Apostle of Persuasion by Thompson James W.;

Apostle of Persuasion by Thompson James W.;

Author:Thompson, James W.;
Language: eng
Format: epub
Tags: Paul/New Testament;Bible (Epistles of Paul—Theology);REL006720;REL006100
ISBN: 9781493423613
Publisher: Baker Publishing Group
Published: 2020-03-19T00:00:00+00:00

Rhetoric and the Theology of the Cross in 2 Corinthians

The Rhetorical Situation

Although a year passes between 1 and 2 Corinthians (2 Cor. 8:10), many of the same issues remain. Paul offers frequent statements of his credentials in the form of catalogs of sufferings (2 Cor. 4:7–10; 6:4–10; 11:23–33; 12:10) because the opponents have forced him into competitive boasting (2 Cor. 10:12; 11:18, 22–23; 12:11).32 Rival apostles probably joined with those who questioned Paul’s authority in 1 Corinthians, bringing letters of recommendation (2 Cor. 3:1), boasting of their credentials (cf. 2 Cor. 5:12; 11:18), and comparing themselves with Paul (2 Cor. 10:12–18). The criticisms that “his bodily presence is weak and his speech is of no account” (2 Cor. 10:10 AT) and that he is unskilled in speaking (2 Cor. 11:6) indicate that the issues of 1 Corinthians 1–4 are still present. Paul’s refusal of patronage and his manual labor (cf. 4:9–11; 9:1–3) also continue to be an issue (2 Cor. 11:7–11, 20; 12:14–18; cf. 2:17). He defends himself against the opponents’ charges, that he conducted himself “with worldly wisdom” (en sophia sarkikē, 2 Cor. 1:12) and that he made his decisions “in a worldly way” (kata sarka, 2 Cor. 1:17; cf. 10:2), turning those charges against them. He insists that, since his conversion, he no longer regards anyone “in a worldly way” (kata sarka), although he once regarded Christ in this way (2 Cor. 5:16). Now, however, living in the new creation, he has a new way of knowing (2 Cor. 5:17). It is the opposition that boasts “in a worldly way” (2 Cor. 11:18)—that is, according to the standards of the old aeon.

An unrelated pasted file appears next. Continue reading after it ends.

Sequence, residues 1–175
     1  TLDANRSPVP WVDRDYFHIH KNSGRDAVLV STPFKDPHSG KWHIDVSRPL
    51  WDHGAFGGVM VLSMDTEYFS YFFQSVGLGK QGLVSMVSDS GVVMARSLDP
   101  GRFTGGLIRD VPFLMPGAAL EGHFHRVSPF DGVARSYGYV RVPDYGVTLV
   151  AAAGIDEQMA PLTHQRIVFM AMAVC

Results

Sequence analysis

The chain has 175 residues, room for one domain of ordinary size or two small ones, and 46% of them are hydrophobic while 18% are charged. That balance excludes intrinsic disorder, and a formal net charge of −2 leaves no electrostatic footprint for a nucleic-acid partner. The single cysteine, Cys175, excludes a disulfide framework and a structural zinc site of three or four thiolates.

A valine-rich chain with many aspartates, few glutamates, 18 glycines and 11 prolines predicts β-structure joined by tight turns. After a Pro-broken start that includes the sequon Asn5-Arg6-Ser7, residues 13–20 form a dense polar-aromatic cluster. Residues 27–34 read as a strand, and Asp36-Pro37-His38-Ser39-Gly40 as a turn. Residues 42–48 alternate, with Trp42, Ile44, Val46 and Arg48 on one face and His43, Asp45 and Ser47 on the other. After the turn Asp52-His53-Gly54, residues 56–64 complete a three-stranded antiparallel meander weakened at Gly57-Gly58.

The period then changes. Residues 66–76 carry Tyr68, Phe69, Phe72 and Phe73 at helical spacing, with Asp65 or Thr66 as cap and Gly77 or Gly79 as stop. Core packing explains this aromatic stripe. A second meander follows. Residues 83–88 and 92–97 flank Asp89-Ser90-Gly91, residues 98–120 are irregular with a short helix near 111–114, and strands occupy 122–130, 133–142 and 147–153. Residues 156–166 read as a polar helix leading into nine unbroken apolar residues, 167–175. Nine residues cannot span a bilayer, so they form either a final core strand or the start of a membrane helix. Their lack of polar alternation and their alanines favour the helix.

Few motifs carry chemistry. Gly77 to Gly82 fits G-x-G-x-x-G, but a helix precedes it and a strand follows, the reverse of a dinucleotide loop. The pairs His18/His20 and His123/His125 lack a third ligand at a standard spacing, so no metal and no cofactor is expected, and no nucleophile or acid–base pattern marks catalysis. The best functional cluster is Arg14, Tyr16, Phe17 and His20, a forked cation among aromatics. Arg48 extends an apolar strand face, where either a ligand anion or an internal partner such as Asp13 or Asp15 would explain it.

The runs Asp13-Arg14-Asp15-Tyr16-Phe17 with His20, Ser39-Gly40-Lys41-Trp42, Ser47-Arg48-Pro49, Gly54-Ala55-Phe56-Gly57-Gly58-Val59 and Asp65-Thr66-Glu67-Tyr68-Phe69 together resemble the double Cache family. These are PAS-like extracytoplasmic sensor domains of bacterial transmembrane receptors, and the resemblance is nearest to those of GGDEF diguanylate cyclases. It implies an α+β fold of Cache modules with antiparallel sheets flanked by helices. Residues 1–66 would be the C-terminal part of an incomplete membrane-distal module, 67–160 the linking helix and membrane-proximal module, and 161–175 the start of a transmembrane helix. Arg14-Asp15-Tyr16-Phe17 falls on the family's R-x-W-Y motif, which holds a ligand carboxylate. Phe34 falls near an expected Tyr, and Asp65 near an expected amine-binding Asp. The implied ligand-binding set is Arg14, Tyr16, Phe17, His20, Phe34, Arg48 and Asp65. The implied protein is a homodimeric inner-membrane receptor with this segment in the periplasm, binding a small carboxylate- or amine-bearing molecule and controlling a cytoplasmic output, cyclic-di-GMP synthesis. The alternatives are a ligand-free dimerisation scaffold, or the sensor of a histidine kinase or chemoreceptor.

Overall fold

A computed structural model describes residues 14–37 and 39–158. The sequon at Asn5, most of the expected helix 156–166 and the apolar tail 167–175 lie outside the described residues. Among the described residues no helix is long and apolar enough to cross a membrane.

The standards of the old aeon are those that conformed to the values of Greco-Roman culture. The charge that Paul is humble (tapeinos, 2 Cor. 10:1) and that he has humiliated (cf. tapeinōn) himself by working with his hands (2 Cor. 11:7) reflects the negative Greco-Roman attitudes toward humility and manual labor.33 The accusation that “his bodily presence is weak” also reflects Greco-Roman values regarding physical beauty and strength.34 Thus Paul’s challenge in both Corinthian letters is to inculcate values that correspond to the new aeon.

Invention and Arrangement

Second Corinthians, unlike the other Pauline letters, contains little ethical advice regarding future conduct, for it is a defense speech in which Paul’s argument consistently appeals to ethos and pathos. As a defense speech about Paul’s past conduct, it approximates judicial rhetoric.35 Although the letter is frequently regarded as a compilation of separate letters, a singular thread indicates that the same rhetorical situation and theme lie behind all parts of the letter. Consequently, one may observe the invention and arrangement of a unified letter.

In the exordium (1:3–7), Paul introduces the topic that is under dispute without indicating that it is the subject of controversy. Having been criticized for his weakness (10:10; cf. 11:21, 29–30; 12:10; 13:3–4), he echoes the psalmist (cf. Pss. 116:1–11; 118:5; 119:50) in praising the God who “comforts us in all our afflictions” (thlipseis, 2 Cor. 1:4), the pervasive theme in 2 Corinthians (2:4; 4:17; 6:4; 7:4).


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